(define: id-ev
        (forall [a] (Fun a a))
      (fun x x))

    ;; Fourth form. Explicitly typed function definition.
    (define: (id-ef x)
        (forall [a] (Fun a a))
      x)
    #+END_SRC
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** Type definitions
   Algebraic datatypes (aka tagged/discriminated unions) are defined
   at the top-level with the ~type~ special form. Roughly equivalent
   to ~data~ in Haskell and ~enum~ in Rust.
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*** Examples
    #+BEGIN_SRC carth
    ;; First form. Monomorphic datatype definition.
    ;;
    ;; ~Age~ only has one variant, and as such can be seen as a "wrapper" around
    ;; ~Int~, restricting its usage.
    (type Age
      Int)
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    ;; Second form. Polymorphic datatype definition.
    ;;
    ;; ~List~ has two variants, representing that a list can either be empty, or a
    ;; pair of a head and a tail.
    (type (List a)
      Nil
      (Cons a (List a)))
    #+END_SRC
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* TODO Expressions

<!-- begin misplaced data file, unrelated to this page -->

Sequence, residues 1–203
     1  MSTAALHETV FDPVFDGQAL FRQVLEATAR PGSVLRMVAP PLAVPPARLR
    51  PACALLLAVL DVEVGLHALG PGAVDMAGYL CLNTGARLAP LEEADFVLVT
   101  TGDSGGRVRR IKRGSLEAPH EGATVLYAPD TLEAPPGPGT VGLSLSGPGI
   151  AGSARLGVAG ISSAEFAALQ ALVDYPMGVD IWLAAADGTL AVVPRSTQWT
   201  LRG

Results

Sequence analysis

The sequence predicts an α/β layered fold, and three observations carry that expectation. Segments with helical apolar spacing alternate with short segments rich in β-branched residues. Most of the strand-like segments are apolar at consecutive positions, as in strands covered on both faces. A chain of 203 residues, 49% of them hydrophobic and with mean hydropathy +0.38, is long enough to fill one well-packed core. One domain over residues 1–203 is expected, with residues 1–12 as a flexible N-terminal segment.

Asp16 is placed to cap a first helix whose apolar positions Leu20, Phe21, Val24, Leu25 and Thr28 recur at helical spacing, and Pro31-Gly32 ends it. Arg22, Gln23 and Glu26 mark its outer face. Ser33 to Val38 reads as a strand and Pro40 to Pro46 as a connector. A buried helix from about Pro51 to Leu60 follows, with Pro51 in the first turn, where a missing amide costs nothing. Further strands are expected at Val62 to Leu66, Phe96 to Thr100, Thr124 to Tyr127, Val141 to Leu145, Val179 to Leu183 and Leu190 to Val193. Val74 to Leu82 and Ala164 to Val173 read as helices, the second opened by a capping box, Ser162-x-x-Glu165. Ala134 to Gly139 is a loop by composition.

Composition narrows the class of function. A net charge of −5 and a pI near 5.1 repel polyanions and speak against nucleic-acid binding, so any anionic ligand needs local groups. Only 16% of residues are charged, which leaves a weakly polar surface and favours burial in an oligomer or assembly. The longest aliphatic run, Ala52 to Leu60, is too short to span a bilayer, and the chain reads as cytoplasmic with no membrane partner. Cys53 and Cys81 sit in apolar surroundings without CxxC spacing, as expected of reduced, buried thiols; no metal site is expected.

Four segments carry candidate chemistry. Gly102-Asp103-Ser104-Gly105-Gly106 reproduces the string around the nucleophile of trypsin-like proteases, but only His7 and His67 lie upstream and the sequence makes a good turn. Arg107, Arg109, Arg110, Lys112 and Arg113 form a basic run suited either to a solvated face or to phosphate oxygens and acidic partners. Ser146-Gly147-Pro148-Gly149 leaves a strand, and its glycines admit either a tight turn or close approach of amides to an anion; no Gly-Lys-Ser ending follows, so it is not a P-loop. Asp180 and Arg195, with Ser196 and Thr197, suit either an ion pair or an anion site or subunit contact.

** Literals
- Unit :: ~unit~ is the only value inhibiting the type ~Unit~,
          equivalent to ~()~ in Haskell and Rust.

- Int :: 64-bit signed integer literal. Example: ~42~.
- Double :: 64-bit double precision floating point literal. Example: ~-13.37~.
- Char :: 4-byte UTF-32 Character literal. Example: ~'a'~, ~'維'~, ~'🔥'~.
- String :: UTF-8 string literals. At the moment, generates to static
            arrays. Will likely be changed. Example: ~"Hello, World!"~, ~"😄😦🐱"~.
- Bool :: ~True~ or ~False~.
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** TODO Variable

** TODO Function application

** TODO Conditional

** TODO Anonymous-function / Lambda expression / Closure

** TODO Let

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** Type ascription
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   Type ascriptions are primarily used to:
   - increase readability when the type of an expression is not obvious;
   - assert at compile-time that an expression is of or can specialize to the given type;
   - or specialize the type of a generic expression, restricting its usage.

*** Example
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    #+BEGIN_SRC carth
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    (: x Int)
    #+END_SRC

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** Match